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June is Aphasia Awareness Month and the College of Social Work (COSW) participated in events to increase awareness about aphasia and to provide students with an opportunity for interdisciplinary team experience. Dr. Teri Browne, Associate Professor and Co-Director for Inter-professional Education for the Health Sciences, and MSW students Briannea Hastie, Shannon Palm and Rosland Christen, participated in the first inter-professional practice event for Aphasia Awareness Month on June 9, 2015.

The event was held at the University of South Carolina’s Speech and Hearing Research Center. COSW students, along with students from Communication Sciences and Disorders, Nursing and Pharmacy, worked in teams to assess patients at the center. They also learned about each profession’s role in working with individuals with aphasia, a series of language disorders caused by brain damage, most commonly from stroke.

Aphasia awareness month 15

 Rosland Christen assessed a patient who suffered a stroke several years ago. As a social worker, Rosland used two different instruments to measure the patient’s quality of life, the Stroke Specific Quality of Life Scale and the Patient Health Questionnaire-9. Briannea Hastie and Shannon Palm, along with the other students, were allotted 15 minutes to assess their patients. Once the assessments were done, each discipline came together to discuss their perspectives and what they observed from other assessments. Each of the students provided a plan of care for the patient.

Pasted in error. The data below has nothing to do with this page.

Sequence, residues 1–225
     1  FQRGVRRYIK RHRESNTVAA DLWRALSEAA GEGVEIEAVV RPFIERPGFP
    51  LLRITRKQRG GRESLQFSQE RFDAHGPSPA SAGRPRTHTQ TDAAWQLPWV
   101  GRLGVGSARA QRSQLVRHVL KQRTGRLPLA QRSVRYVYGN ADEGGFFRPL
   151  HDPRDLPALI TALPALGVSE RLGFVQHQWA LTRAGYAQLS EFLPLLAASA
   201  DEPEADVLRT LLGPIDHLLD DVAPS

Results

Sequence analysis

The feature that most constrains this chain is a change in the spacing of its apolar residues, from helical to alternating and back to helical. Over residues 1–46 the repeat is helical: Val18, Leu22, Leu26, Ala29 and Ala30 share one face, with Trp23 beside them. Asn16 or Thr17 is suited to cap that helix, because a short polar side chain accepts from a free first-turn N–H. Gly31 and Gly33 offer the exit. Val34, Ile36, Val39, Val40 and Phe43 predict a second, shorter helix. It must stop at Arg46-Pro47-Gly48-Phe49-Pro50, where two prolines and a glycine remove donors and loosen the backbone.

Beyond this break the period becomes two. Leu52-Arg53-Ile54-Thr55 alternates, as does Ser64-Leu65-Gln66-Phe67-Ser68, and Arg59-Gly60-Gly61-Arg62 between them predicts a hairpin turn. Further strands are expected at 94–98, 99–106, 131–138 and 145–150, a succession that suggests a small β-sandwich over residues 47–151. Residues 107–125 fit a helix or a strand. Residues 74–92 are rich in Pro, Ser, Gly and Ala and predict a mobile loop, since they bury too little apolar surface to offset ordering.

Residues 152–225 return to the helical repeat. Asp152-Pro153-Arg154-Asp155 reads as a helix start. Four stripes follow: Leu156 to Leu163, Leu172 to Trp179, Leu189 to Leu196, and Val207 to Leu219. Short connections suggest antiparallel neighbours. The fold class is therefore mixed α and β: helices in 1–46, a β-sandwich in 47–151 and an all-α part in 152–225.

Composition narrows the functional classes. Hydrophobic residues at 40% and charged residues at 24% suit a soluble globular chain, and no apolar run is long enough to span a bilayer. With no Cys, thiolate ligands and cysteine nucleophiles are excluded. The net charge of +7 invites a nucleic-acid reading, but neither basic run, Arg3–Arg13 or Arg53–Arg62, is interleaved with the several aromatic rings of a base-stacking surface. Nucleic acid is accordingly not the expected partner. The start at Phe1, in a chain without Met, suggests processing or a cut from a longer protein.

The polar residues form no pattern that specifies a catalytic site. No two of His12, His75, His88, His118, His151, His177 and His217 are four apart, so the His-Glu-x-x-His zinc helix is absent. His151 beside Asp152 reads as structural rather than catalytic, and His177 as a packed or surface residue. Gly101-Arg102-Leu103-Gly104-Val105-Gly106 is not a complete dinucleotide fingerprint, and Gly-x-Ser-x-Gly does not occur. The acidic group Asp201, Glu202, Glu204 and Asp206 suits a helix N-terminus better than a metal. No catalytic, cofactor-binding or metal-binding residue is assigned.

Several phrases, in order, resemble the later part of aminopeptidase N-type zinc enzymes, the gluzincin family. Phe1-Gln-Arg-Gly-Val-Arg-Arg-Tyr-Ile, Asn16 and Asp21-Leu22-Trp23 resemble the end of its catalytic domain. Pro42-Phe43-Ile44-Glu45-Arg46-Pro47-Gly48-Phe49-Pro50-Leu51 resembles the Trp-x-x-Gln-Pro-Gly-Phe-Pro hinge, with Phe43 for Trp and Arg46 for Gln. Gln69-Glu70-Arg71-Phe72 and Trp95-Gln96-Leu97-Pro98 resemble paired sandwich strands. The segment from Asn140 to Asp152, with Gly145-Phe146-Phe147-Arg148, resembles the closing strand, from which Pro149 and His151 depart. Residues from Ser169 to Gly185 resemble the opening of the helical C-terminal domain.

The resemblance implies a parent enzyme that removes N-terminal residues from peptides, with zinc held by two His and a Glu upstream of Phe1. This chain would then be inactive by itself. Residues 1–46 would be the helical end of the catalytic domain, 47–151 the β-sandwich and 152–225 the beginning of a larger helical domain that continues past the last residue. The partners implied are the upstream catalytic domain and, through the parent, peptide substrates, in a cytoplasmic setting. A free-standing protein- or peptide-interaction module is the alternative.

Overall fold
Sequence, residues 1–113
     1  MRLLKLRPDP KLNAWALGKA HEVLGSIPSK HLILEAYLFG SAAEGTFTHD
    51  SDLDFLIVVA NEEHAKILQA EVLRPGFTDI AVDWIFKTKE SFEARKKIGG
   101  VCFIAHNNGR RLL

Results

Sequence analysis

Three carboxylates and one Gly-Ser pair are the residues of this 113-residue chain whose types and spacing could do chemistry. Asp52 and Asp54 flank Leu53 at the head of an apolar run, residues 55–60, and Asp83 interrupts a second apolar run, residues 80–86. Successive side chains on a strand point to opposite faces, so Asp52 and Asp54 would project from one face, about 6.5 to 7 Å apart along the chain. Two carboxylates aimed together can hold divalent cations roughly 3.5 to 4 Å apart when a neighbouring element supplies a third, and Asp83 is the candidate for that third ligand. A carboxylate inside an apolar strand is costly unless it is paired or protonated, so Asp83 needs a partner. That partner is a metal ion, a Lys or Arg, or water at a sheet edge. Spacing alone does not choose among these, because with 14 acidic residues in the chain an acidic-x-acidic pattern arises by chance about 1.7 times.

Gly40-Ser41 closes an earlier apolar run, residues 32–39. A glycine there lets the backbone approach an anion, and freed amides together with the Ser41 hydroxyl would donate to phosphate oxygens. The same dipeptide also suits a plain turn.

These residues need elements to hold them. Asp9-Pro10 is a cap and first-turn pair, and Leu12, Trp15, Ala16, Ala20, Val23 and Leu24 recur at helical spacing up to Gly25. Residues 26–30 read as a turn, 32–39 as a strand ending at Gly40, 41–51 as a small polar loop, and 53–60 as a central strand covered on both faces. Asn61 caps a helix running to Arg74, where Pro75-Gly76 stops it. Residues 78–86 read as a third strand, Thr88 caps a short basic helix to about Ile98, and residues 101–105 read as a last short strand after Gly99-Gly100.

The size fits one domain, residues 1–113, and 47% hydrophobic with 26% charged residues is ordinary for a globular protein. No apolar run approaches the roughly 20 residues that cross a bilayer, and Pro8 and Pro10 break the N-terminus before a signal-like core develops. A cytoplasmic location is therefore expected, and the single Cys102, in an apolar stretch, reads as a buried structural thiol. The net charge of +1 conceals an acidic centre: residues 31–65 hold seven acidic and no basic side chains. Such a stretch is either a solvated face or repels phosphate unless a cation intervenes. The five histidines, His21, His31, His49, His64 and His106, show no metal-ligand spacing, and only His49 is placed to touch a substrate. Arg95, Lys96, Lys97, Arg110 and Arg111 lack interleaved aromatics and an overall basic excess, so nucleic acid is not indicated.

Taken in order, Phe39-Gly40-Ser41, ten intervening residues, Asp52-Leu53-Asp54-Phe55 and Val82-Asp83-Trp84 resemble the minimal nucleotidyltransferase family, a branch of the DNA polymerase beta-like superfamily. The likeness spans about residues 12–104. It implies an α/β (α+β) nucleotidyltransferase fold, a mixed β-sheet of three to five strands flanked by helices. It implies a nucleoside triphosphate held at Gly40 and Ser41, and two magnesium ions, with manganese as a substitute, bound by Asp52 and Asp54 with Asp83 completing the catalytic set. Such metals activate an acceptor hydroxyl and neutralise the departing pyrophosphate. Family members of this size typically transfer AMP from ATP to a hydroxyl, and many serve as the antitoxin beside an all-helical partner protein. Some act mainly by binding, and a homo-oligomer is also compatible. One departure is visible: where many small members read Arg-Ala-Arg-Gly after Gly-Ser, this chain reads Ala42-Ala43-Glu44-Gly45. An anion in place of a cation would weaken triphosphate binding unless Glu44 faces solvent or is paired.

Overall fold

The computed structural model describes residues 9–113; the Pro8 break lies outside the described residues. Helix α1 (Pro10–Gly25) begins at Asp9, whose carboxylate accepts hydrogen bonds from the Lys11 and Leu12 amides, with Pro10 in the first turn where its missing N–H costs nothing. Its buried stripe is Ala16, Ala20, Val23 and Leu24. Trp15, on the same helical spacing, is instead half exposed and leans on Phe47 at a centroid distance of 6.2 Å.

Our students gained valuable experience working with inter-disciplinary teams in a clinical setting. They were able to gain a better understanding of their patients, the effects of aphasia on stroke victims, and the role of caretakers in their lives. The participants reported that this first-hand experience demonstrated what would be expected of them as social workers in the future.


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